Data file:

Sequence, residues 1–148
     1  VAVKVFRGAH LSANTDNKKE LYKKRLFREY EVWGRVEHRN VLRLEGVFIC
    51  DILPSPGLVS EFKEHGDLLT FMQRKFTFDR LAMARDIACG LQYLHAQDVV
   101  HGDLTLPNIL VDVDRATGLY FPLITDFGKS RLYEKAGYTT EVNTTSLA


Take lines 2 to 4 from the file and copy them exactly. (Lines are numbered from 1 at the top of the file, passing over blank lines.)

     1  VAVKVFRGAH LSANTDNKKE LYKKRLFREY EVWGRVEHRN VLRLEGVFIC
    51  DILPSPGLVS EFKEHGDLLT FMQRKFTFDR LAMARDIACG LQYLHAQDVV
   101  HGDLTLPNIL VDVDRATGLY FPLITDFGKS RLYEKAGYTT EVNTTSLA